Away from that debate, the findings of the Multilateral Aid Review (MAR) will have equally significant implications for how the UK aid budget is spent. In 2009/10, £2.4 billion of DFID funds went directly to multilateral organisations through core contributions and a further £1.3 billion of UK bilateral aid was delivered through multilateral channels. So decisions about where to allocate these funds are just as important for those concerned with the value for money of UK development assistance.
Evaluating the relevance, efficiency and effectiveness of 43 very different external organisations is a complex task and DFID appears to have done a respectable job.
The systematic approach to reviewing performance against a common framework is to be welcomed, even with its caveats. There seems to be a reasonable balance of strategic considerations (a poverty focus and UK development priorities) and organisational strengths (cost consciousness and transparency) in the assessment made of each organisation.
Colleagues at ODI have already noted a possible tension in the MAR methodology for determining the ‘Needs-Effectiveness Index’ which combines contradictory measures of country fragility on the one hand and policy/institutional strength (through World Bank CPIA) on the other. The details of that index and its implications for the review model will need further unpicking, but it was only one of multiple components scored in the review. Even with this tight specification and quantitative evidence, the addition of a criterion on ‘likelihood of positive change’ still gives DFID flexibility to keep faith with some poor performing multilateral organisations if they commit to improving. That is probably sensible and reflects the need for strategic judgements as well as strict value for money concerns.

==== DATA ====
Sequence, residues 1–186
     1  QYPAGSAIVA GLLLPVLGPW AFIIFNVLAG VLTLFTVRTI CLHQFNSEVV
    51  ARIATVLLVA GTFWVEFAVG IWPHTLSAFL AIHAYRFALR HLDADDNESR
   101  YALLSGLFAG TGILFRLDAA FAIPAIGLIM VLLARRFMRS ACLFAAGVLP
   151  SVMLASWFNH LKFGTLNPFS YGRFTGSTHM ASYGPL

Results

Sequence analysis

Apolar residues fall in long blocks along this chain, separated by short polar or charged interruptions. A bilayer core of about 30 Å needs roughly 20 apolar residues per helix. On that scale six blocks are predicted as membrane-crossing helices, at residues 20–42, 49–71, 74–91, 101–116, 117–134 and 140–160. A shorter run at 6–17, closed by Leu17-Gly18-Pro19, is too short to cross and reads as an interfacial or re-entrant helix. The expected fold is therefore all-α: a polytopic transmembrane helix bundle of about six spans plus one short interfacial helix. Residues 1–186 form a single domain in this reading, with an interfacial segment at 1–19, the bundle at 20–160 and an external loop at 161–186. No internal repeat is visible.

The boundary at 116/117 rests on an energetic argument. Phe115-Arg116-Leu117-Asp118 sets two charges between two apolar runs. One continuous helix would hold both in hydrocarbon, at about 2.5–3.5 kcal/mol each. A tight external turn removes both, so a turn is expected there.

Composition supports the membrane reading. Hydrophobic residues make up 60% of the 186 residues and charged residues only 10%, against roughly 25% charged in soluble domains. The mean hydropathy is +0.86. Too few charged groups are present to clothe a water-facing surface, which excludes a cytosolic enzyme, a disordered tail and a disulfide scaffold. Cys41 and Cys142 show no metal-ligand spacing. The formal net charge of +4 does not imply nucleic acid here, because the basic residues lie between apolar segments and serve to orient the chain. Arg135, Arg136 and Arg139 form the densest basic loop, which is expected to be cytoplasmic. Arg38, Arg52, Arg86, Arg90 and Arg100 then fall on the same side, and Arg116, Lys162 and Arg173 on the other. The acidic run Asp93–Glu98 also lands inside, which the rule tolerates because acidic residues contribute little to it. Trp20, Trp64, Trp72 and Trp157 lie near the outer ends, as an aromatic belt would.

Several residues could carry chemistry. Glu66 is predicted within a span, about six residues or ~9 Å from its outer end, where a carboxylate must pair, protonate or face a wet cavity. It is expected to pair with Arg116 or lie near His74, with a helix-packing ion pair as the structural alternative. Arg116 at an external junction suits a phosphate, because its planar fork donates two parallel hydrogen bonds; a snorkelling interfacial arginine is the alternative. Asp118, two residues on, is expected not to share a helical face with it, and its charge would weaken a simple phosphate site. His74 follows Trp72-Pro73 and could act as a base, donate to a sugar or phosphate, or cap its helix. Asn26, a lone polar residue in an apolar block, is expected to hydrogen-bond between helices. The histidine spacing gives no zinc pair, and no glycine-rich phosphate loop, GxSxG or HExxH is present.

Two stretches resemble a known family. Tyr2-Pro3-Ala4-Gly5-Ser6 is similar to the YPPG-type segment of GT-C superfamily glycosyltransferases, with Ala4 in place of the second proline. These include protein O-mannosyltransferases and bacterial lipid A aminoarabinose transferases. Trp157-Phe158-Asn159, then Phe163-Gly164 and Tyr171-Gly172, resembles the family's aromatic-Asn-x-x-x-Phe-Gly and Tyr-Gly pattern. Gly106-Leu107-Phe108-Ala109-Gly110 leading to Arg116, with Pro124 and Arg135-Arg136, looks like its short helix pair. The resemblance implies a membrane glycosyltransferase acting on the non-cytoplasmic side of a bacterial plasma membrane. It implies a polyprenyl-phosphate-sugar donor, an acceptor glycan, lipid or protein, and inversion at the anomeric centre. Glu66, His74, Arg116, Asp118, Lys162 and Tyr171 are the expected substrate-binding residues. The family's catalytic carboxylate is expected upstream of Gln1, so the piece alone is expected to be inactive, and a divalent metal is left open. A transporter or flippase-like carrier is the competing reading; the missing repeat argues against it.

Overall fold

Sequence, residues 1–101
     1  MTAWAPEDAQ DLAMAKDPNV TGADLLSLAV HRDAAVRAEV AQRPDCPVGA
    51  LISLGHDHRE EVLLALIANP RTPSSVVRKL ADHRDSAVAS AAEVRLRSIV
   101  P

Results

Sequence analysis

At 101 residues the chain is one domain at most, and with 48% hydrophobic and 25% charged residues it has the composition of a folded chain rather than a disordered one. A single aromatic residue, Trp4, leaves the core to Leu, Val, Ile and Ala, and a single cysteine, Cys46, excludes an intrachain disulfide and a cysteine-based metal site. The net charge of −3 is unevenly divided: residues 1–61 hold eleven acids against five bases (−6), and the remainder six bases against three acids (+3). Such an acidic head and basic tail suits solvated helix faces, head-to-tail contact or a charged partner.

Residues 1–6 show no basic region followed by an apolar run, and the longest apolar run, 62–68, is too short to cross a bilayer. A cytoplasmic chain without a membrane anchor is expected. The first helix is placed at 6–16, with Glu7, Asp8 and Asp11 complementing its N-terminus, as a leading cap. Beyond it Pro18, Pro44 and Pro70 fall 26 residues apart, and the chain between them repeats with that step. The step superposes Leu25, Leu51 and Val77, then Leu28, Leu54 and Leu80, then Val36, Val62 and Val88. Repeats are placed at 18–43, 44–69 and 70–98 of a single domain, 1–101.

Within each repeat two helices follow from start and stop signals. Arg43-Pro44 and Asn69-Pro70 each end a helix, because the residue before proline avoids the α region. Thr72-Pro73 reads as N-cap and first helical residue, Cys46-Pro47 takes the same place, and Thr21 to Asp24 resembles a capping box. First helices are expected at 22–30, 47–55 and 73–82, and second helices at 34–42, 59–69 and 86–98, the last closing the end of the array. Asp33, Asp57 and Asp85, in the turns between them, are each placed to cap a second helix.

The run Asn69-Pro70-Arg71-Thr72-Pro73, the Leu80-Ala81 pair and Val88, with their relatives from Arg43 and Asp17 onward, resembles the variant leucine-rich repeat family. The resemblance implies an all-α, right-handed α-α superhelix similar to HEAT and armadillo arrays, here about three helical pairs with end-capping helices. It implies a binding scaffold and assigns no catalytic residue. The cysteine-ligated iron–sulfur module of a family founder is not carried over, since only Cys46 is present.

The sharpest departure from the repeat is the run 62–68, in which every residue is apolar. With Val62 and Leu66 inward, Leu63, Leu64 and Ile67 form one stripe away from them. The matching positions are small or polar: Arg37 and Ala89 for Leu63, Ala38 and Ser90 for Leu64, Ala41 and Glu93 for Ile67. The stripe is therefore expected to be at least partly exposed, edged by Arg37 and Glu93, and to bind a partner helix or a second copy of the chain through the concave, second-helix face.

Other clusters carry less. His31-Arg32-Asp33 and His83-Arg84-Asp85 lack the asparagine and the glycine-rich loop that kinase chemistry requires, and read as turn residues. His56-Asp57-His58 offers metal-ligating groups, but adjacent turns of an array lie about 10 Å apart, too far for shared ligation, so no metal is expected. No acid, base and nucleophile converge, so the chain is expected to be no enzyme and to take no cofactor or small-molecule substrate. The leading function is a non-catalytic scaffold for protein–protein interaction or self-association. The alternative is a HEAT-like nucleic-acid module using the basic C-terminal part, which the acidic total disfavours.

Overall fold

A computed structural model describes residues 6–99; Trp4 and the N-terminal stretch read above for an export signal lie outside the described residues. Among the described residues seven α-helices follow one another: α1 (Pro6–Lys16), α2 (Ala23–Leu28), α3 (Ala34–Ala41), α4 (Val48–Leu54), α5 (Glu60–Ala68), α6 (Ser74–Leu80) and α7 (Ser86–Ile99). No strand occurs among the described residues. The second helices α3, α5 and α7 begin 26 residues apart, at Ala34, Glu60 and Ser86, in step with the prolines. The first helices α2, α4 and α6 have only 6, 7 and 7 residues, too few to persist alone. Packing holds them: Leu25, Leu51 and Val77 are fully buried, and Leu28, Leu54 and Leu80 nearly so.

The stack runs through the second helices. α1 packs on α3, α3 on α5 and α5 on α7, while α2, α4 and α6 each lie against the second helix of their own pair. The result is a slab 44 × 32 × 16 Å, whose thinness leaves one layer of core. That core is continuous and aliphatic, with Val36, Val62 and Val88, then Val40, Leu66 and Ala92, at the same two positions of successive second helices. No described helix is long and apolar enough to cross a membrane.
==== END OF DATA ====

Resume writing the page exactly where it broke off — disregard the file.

Two thoughts occurred to me on the MAR framework in comparison to the BAR:
- First, the processes and criteria were quite different and it isn’t obvious how the two were reconciled. The BAR included detailed bids for funding in the form of ‘Results Offers’ from DFID country offices/programmes which set out the results they will deliver up to 2015. In contrast, the MAR focused more on qualitative measures around strategy and performance. Multilateral organisations were not invited to submit ‘Results Offers’ in the same way as bilateral country programmes. Equally, it is not clear how much the historical performance of individual DFID country programmes in delivering results was taken into account in assessing the credibility of specific results offers.
- Second, I understand that the respective shares of overall DFID spending through multilateral and bilateral channels were decided in principle before the detailed reviews were launched. Apparently some adjustments to the preliminary results of each were then needed to ensure strategic coherence across the two and to resolve any competing claims for funding. What is not clear from the review documentation is how that reconciliation was done and which criteria were used.
Many of the MAR results did not come as a surprise. It was announced last year that core funding to the World Bank will rise by 25% (to £888 million per year under the IDA 16 replenishment) and that the DFID contribution to UNICEF will nearly double (to £40 million per year). DFID has long been clear that it supports the strong results focus of organisations like the Global Alliance for Vaccines and Immunisation (GAVI) and the Global Fund to Fight AIDS, Tuberculosis and Malaria (GFATM).
Announcements on replenishment levels for both are due in the coming months and will provide for substantial increases – not least because they (along with the World Bank) are likely to be favoured channels for absorbing additional UK aid as it scales up to 0.7% of Gross National Income in 2013. The World Bank has also been in the spotlight this week following publication of the International Development Select Committee report on World Bank effectiveness, which broadly endorsed the UK allocation to IDA 16.